he Adventist Church’s top education official in North America called for a re-examination of the church’s system of boarding academies after the oldest one, Mount Vernon Academy, announced that it would close.
The indebted Mount Vernon Academy, which opened in Ohio in 1893, will close at the end of the current school year after missing a Feb. 10 deadline to raise $1.5 million, the first installment of the $3 million needed to keep it afloat.
“I believe the church needs to address the constituency model of education,” said Larry D. Blackmer, director of the education department for the church’s North American Division. “That is a radical statement, I understand. But yet we need to be stewards of the resources we have. It is difficult situation we must address as a church.”
The North American Division, which covers the United States, Canada, Guam, and Bermuda, has 36 boarding academies, a figure that Blackmer called high and a relic of a system from 50 to 70 years ago when more Adventists lived in rural areas and it was common practice to send children away to school.
“We do not need 36 boarding academies,” he told the Adventist Review on Wednesday. “What we need is a strategic plan to manage our system and not manage by attrition, which is our current model. How can we build a system of schools that will maximize the mission and function so that the maximum number of students are served in a financially feasible manner?”
Blackmer joins Robert E. Lemon, treasurer of the Adventist world church, in calling for change in the church’s U.S. boarding academies. Lemon wrote in the Adventist Review last month that the world has changed drastically since Mount Vernon opened and the Adventist Church needed to adapt accordingly, possibly by consolidating boarding academies.
“Although schools are still needed for academy-age students, we probably don’t require as many boarding academies as we once did,” Lemon said in a news commentary that sparked a lively discussion in other Adventist media and on social media. “The current situation is basically one boarding academy per U.S. conference. However, one boarding academy per union or trio of conferences probably would be sufficient.”
The constituents of Mount Vernon Academy decided at an emergency meeting in early January that the school needed $3 million, an amount equal to its annual budget, to remain open another school year. It set a deadline of Feb. 10 to raise the first $1.5 million and March 10 for the rest.
But the academy collected only $17,069 by Feb. 10, said Ron Halvorsen Jr, president of the Ohio Conference.
“Since we fell immeasurably short of the first financial deadline, MVA will have to cease operations at the end of this school year,” Halvorsen said in a statement late Tuesday.
He said through a spokeswoman on Wednesday that he might reconsider the decision if the school somehow raised the $3 million by March 10.
"If we do happen to receive $3 million, we can certainly reevaluate the situation," he said.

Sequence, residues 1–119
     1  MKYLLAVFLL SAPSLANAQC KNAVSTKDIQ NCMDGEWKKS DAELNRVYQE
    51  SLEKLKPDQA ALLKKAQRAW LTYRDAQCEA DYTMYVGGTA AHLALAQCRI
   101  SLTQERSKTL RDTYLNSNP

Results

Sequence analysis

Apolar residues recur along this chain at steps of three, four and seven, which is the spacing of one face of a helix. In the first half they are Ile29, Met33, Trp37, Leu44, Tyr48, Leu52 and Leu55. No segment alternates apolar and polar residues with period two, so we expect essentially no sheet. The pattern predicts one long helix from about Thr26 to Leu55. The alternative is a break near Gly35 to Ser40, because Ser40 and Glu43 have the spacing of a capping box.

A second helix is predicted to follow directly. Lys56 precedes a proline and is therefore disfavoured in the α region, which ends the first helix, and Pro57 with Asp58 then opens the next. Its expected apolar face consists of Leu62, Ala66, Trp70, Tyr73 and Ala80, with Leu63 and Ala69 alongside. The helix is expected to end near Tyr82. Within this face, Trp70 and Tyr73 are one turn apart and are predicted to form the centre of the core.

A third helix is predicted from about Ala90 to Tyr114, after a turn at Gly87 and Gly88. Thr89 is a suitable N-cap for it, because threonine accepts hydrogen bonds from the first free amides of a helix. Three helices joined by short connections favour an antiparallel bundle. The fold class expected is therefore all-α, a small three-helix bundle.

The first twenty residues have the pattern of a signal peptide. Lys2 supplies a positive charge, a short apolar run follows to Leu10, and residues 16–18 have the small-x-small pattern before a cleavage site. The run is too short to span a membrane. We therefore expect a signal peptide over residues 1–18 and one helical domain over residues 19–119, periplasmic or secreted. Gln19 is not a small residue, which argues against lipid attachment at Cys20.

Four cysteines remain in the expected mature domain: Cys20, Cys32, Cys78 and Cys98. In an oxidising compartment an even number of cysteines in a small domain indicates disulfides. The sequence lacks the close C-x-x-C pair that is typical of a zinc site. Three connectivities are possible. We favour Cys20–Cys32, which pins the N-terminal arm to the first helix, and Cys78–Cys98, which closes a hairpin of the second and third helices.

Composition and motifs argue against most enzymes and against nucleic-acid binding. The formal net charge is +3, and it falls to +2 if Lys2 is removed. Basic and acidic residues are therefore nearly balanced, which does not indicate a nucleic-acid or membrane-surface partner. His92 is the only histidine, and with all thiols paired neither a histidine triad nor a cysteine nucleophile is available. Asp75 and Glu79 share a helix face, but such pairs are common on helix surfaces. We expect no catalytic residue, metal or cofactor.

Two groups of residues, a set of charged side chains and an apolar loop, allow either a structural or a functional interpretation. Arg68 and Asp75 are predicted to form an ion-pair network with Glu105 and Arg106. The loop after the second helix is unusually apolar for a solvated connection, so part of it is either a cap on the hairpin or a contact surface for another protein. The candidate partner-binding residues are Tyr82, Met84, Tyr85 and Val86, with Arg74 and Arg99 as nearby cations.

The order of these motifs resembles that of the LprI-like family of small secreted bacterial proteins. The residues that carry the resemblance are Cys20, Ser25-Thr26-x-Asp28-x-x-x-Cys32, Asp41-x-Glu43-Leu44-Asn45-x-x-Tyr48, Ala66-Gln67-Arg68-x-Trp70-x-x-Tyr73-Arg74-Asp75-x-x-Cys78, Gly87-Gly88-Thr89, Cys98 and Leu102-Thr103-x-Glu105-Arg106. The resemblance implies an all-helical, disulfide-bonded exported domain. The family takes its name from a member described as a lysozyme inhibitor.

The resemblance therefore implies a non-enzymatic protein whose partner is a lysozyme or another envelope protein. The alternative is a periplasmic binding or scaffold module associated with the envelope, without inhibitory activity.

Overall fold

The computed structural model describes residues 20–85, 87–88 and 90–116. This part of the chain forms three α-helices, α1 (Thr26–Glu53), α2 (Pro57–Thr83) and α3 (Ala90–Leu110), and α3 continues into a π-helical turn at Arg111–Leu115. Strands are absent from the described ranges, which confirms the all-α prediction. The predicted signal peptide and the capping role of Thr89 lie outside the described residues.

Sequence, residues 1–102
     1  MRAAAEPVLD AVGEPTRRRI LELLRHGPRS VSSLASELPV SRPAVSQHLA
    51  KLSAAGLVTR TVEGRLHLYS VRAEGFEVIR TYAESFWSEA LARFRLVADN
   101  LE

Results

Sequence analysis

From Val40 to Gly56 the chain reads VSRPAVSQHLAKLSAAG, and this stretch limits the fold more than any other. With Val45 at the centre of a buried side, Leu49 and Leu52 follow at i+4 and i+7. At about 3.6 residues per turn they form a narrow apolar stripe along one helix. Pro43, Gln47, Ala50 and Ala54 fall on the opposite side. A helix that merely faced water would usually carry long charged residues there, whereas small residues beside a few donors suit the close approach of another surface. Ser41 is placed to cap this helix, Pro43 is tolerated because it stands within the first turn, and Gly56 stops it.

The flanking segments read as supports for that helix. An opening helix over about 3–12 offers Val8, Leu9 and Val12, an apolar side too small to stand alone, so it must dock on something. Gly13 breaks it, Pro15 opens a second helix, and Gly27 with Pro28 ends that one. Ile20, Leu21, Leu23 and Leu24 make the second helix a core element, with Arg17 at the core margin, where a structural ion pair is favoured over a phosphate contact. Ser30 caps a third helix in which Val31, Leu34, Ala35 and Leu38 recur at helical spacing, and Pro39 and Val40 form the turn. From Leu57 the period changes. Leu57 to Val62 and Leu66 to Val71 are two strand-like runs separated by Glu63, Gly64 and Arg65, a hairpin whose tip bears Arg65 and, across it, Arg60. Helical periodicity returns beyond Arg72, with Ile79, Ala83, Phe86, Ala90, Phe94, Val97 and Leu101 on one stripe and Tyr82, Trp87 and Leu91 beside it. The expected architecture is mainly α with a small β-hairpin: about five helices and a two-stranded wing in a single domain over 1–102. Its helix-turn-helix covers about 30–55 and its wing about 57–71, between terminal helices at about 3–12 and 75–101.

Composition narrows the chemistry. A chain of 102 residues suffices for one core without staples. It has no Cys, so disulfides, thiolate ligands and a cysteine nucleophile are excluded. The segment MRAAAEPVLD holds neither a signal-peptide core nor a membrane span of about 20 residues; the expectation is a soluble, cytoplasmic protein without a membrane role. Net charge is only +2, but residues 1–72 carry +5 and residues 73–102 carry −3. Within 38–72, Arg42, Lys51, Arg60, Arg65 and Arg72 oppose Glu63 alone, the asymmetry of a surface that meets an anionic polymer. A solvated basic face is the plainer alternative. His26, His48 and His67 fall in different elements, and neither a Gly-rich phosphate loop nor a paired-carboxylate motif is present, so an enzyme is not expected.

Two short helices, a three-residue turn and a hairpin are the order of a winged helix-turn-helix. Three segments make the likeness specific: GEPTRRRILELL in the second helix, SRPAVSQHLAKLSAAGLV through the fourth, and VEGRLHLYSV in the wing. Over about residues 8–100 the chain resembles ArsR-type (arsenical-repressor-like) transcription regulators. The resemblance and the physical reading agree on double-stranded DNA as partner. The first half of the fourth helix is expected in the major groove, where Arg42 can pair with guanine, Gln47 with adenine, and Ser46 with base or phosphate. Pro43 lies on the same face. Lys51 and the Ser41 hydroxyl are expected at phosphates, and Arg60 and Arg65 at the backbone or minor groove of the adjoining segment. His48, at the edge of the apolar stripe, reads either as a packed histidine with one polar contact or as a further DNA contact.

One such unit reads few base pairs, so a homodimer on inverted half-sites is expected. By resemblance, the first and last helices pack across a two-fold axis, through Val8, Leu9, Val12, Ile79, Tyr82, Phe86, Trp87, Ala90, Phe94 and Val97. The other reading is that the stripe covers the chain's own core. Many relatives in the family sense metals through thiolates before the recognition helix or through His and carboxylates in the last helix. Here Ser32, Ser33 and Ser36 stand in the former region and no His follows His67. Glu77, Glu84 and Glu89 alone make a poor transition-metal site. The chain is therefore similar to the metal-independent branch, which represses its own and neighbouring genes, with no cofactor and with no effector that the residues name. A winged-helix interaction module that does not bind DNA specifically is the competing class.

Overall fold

The academy, established on the advice of Adventist Church co-founder Ellen G. White, opened in 1893 in buildings once used by Mount Vernon Sanitarium, which closed two years earlier.
Halvorsen, who became Ohio Conference president last year, said Mount Vernon has suffered financial difficulties for years, so the decision to close it was a long time in coming.
“I have discovered that MVA has traveled this difficult road repeatedly for more than 30 years and even had a special constituency meeting about their future in 1984,” he said. “I believed we had time to work out a solution; this was not the case.”
He said matters became so urgent that the conference took out a $700,000 line of credit when the academy couldn’t pay staff salaries in August.
“Friends, we have no other credit available to us at this time, and our own conference finances cannot continue to support MVA beyond this school year, even if MVA tried to restructure itself at this late date,” he said.
He said secondary education remained a church priority in Ohio, and conference leaders would explore new ways to make it a viable option.
Ohio Conference spokeswoman Heidi Shoemaker said talks are ongoing about where to send the students next year, and several schools are communicating directly with the academy.
The academy has 85 students, including 35 from Ohio.
The Ohio Conference presently operates 16 elementary schools and Spring Valley Academy, a K-12 day school, Shoemaker said.
"We are thankful for the opportunity to provide Adventist Christian education to our Ohio Conference family and friends," she said. "Like many schools across the division, we face challenges and successes."
Blackmer, the North American education leader, voiced concern that some Vernon Academy students might not enroll in another Adventist school.
“I grieve when we lose any school because I know that many of the students that are there now are not going to continue in Adventist education,” he said. “Every child we lose is a loss to the church.”